DNA samples used more for property crimes

Oct 20, 2006

Law enforcement agencies across the United States more and more use a national database of criminals' DNA to solve non-violent property crimes.

The database, designed by the FBI to help solve violent crimes such as rape and murder, is more accessible to property crime searches, USA Today said, for several reasons: more sophisticated DNA testing and greater access federal money for testing DNA from property crimes.

In the survey, 10 states reported the number of DNA matches in property cases was greater than the number of matches in violent crime, USA Today said. Several states also collect DNA samples from people convicted of misdemeanor offenses such as minor assaults.

The FBI said the database has DNA profiles from about 3.5 million people, recording matches in about 38,000 cases, the newspaper said. About 25,000 profiles are added to the database a month.

Supporters of the expanded use of DNA testing said people who commit property crime offenses often are later involved in more serious crimes, USA Today said. Opponents said the expansion could raise privacy issues.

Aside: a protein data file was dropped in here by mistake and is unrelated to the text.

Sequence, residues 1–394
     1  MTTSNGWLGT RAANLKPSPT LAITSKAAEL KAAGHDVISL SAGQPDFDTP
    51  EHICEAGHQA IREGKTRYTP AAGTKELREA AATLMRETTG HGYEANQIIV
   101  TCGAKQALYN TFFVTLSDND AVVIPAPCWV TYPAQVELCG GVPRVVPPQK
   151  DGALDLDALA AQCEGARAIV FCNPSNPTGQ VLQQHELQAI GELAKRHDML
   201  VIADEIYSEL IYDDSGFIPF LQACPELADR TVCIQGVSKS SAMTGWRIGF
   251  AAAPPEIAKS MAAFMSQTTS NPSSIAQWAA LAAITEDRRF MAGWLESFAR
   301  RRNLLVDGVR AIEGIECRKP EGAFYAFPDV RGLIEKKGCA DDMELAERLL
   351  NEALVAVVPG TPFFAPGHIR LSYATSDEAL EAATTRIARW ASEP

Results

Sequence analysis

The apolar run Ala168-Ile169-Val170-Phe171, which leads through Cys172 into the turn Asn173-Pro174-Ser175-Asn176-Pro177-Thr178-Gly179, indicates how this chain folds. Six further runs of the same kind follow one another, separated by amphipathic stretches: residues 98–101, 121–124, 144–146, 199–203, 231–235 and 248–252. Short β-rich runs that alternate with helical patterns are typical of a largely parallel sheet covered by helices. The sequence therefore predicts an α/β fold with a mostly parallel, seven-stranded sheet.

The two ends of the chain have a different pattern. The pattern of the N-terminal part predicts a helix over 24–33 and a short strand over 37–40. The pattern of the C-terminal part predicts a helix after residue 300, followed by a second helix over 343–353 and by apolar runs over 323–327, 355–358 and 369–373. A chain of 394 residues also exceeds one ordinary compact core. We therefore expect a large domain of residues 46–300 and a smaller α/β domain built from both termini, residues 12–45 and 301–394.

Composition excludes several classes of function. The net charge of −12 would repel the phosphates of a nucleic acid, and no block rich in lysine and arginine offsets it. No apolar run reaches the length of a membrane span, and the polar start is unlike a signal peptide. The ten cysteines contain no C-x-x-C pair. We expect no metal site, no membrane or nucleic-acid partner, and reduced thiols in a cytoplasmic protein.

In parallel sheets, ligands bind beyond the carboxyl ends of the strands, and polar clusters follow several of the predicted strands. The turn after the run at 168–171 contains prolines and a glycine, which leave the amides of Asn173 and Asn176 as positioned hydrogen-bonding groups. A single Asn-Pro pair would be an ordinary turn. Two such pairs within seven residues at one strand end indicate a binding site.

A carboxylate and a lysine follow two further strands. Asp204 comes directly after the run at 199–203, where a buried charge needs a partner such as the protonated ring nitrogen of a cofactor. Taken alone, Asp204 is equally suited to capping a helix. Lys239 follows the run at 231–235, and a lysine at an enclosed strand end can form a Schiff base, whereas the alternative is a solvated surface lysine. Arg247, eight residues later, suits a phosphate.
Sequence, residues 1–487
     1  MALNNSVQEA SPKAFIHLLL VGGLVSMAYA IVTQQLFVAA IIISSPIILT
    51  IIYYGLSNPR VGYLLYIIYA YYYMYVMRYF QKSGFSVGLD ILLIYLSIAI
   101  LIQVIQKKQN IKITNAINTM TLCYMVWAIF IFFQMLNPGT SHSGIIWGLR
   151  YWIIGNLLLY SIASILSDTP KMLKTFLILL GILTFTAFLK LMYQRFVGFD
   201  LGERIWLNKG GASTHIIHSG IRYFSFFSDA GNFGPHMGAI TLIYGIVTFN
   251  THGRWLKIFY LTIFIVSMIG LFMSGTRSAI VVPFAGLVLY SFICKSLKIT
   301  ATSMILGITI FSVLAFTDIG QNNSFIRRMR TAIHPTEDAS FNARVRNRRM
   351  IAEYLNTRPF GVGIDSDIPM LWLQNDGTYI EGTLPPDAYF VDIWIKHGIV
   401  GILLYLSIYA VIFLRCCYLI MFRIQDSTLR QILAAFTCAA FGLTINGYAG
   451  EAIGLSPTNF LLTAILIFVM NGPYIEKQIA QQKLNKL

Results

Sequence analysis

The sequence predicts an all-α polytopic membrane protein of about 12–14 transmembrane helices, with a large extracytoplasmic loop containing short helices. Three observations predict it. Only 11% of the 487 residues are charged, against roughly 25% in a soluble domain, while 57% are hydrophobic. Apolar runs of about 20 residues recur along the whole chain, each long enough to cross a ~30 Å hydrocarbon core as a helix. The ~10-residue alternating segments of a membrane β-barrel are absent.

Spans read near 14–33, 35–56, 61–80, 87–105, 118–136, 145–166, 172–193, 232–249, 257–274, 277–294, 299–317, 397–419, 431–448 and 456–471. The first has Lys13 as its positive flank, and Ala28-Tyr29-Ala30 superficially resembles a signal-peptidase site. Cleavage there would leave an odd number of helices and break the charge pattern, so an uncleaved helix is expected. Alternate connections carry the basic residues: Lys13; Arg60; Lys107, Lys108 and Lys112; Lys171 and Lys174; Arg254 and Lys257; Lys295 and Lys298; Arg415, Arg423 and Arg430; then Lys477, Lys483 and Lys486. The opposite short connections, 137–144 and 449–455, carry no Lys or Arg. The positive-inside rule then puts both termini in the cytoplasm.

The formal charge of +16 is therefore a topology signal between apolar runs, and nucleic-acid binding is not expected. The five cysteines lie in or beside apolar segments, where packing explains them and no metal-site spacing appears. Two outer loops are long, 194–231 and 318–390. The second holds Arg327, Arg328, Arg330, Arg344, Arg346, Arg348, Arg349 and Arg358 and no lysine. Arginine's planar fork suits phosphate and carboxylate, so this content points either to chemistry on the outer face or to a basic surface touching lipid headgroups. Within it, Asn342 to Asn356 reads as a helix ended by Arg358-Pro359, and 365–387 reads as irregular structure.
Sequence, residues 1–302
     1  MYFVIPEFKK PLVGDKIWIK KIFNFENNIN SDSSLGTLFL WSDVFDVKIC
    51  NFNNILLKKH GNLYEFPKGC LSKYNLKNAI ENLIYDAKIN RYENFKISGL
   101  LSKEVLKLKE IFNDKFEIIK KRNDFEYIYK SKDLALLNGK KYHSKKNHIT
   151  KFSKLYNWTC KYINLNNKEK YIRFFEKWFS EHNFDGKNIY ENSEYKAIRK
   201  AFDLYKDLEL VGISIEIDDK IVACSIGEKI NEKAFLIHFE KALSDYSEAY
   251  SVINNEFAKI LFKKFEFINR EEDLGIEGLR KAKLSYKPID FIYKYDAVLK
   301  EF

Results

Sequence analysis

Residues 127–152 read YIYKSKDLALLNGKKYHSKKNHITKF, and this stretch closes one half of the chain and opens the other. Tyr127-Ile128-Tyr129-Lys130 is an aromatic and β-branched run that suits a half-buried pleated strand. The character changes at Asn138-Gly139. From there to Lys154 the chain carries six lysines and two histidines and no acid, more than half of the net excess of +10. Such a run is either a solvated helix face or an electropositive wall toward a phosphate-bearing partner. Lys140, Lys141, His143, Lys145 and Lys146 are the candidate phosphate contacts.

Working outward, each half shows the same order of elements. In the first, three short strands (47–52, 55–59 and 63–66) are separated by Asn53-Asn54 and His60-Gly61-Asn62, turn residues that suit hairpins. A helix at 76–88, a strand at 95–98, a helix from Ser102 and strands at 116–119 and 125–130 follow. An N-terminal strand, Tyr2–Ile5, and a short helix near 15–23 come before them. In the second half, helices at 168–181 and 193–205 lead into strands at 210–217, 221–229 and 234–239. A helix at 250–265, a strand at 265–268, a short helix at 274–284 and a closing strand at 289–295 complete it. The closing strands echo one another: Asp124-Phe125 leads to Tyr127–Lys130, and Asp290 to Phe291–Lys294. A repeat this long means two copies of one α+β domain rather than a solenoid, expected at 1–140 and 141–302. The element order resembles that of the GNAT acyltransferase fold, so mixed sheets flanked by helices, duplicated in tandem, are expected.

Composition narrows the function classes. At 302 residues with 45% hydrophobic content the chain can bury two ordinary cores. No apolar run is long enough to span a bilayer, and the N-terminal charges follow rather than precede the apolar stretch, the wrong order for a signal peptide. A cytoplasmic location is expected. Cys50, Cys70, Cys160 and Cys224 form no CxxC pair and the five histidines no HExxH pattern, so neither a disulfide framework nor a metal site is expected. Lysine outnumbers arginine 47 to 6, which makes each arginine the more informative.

Copyright 2006 by United Press International

Explore further: China's reform of R&D budget management doesn't go far enough, research shows

add to favorites email to friend print save as pdf

Related Stories

Сalculations with nanoscale smart particles

Aug 19, 2014

Researchers from the Institute of General Physics of the Russian Academy of Sciences, the Institute of Bioorganic Chemistry of the Russian Academy of Sciences and MIPT have made an important step towards ...

Chemists uncover powerful new click chemistry reactivity

Aug 14, 2014

Chemists led by Nobel laureate K. Barry Sharpless at The Scripps Research Institute (TSRI) have used his click chemistry to uncover unprecedented, powerful reactivity for making new drugs, diagnostics, plastics, smart materials ...

Elusive viral 'machine' architecture finally rendered

Aug 11, 2014

For half a century biologists have studied the way that the lambda virus parks DNA in the chromosome of a host E. coli bacterium and later extracts it as a model reaction of genetic recombination. But fo ...

Recommended for you

Precarious work schedules common among younger workers

Aug 29, 2014

One wish many workers may have this Labor Day is for more control and predictability of their work schedules. A new report finds that unpredictability is widespread in many workers' schedules—one reason ...

User comments : 0